The evidence of just how destructive the UK-backed Saudi war on Yemen has been continues to flood in. Last week, two separate reports outlined the scale of brutality unleashed on the Yemeni people. A United Nations High Commissioner for Refugees (UNHCR) report concluded that nearly one-hundred civilians were killed or injured in Yemen every week in 2018 whilst the preface of the Days of Judgement report from US-based University Network for Human Rights (UNHR) and Yemeni monitoring group Mwatana spells out just how dire the situation is:
“In a country that was already among the poorest and most fragile in the region, 14 million people are now threatened by famine and even more depend on humanitarian assistance. While precise figures are lacking, an estimated 50,000 people have been killed as a direct effect of the war and 85,000 children may have died of hunger and preventable diseases.”
The report goes on to detail how UK weapons, almost £5 billion of which have been sold to the Kingdom of Saudi Arabia since the war began, are responsible for huge numbers of deaths. In the 27 cases of unlawful airstrikes they investigated it was found that 203 people had been killed, including over 120 children, and 750 had been injured. When you consider that the total number of KSA strikes on Yemen totals over 16,000 the scale of lives lost to UK made weapons is simply unbearable.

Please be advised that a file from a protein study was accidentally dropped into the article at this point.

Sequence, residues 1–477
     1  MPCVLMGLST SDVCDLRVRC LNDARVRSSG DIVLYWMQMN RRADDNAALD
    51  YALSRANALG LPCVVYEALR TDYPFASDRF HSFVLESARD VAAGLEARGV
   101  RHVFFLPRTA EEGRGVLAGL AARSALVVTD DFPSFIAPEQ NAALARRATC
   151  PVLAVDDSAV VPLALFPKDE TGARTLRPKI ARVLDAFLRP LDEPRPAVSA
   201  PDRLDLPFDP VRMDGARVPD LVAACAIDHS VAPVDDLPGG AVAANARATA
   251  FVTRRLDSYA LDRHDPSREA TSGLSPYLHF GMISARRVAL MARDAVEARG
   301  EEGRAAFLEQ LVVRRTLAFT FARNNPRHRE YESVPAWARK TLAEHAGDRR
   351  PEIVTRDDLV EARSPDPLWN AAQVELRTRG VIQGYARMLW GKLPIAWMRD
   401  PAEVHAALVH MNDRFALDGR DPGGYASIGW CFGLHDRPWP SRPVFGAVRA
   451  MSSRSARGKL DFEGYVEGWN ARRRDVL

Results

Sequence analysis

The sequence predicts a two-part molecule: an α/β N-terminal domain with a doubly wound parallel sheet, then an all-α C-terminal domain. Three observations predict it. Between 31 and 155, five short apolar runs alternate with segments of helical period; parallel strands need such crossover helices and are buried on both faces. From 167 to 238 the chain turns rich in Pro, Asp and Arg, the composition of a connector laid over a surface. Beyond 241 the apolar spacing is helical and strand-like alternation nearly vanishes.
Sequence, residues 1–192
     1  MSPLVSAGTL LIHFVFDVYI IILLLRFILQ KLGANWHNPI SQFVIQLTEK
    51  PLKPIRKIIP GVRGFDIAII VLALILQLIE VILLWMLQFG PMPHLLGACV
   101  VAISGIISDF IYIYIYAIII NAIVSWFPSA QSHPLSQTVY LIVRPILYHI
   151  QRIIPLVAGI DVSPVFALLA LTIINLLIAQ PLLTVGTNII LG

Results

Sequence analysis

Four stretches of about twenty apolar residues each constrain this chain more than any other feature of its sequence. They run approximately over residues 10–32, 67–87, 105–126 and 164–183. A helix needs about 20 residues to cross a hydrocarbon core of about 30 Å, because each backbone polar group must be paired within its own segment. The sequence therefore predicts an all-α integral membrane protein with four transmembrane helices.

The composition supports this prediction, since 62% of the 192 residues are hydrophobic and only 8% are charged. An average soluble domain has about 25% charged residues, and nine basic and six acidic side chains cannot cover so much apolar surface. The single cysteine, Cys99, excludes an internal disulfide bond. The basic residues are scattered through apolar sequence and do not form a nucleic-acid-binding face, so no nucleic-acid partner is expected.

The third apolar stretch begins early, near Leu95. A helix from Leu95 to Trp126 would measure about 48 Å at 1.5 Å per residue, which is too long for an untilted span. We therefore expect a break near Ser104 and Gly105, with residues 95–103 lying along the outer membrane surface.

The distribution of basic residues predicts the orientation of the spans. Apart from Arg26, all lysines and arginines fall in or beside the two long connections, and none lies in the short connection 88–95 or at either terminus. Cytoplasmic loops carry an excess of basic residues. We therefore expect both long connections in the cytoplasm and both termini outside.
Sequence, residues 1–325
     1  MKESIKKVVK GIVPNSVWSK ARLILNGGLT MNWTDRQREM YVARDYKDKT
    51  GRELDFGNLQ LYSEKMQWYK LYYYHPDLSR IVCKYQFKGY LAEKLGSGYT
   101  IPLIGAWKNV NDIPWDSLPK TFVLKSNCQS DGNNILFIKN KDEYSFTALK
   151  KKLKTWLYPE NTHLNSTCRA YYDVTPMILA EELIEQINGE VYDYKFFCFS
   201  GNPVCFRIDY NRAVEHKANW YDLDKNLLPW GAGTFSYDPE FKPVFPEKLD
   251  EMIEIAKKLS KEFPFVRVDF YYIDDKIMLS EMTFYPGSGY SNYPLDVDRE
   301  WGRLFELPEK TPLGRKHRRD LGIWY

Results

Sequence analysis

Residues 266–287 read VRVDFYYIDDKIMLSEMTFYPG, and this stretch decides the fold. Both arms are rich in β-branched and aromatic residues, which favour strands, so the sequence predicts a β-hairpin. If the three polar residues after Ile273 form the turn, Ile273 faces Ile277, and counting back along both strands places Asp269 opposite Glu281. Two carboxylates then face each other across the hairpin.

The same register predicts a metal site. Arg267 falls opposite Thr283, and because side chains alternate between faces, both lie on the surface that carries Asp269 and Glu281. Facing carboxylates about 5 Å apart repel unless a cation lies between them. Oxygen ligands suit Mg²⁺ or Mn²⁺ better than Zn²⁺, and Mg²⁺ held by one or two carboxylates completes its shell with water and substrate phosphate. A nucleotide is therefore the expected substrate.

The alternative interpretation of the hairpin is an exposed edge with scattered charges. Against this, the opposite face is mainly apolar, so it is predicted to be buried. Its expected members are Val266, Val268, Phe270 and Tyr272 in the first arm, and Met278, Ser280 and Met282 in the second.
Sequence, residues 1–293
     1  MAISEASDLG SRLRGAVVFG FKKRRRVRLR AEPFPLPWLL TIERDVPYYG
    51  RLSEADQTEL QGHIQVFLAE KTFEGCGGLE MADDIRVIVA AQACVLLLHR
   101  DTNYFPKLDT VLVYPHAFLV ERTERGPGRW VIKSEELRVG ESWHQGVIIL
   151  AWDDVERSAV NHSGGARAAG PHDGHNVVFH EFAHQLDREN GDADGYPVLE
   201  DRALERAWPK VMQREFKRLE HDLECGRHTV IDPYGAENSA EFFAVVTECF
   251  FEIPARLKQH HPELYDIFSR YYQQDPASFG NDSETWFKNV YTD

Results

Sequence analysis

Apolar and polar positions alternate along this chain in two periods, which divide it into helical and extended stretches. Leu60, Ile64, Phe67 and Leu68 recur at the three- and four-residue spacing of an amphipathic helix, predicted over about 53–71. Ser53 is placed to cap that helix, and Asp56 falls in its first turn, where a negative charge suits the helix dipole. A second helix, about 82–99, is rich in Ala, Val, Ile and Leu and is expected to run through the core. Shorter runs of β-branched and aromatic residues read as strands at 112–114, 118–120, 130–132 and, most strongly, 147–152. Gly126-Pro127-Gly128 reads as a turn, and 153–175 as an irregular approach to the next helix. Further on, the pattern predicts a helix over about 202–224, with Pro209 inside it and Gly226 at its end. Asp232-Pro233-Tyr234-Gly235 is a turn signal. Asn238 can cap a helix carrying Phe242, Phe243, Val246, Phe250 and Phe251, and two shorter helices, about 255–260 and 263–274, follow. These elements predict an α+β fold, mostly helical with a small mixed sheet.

Not so for the Tories whose unambiguous support for the war continues unabated following Jeremy Hunt’s ‘PR stunt’ trip to Yemen which has done precisely nothing to bring peace to the country. Last week, Defence Minister Mark Lancaster revealed in a written reply to Lloyd Russell-Moyle MP that 282 MoD and civilian staff provide support to BAE Systems which is the largest profiteer from UK-Saudi arms sales. This revelation leaves beyond doubt the fact that this war would be impossible without British support and that this government is directly responsible for civilian casualties in Yemen.
In a sign that the tables may be beginning to turn on the Saudi regime the US Senate voted last Wednesday to suspend US support for the war on Yemen. This may lead to an unprecedented clash with Donald Trump in which he may choose to use his presidential veto for the first time. Bernie Sanders, one of the bill’s sponsors said it provided an “opportunity to take a major step forward in ending the horrific war in Yemen and alleviating that terrible, terrible suffering being experienced by the people in one of the poorest countries in the world”.
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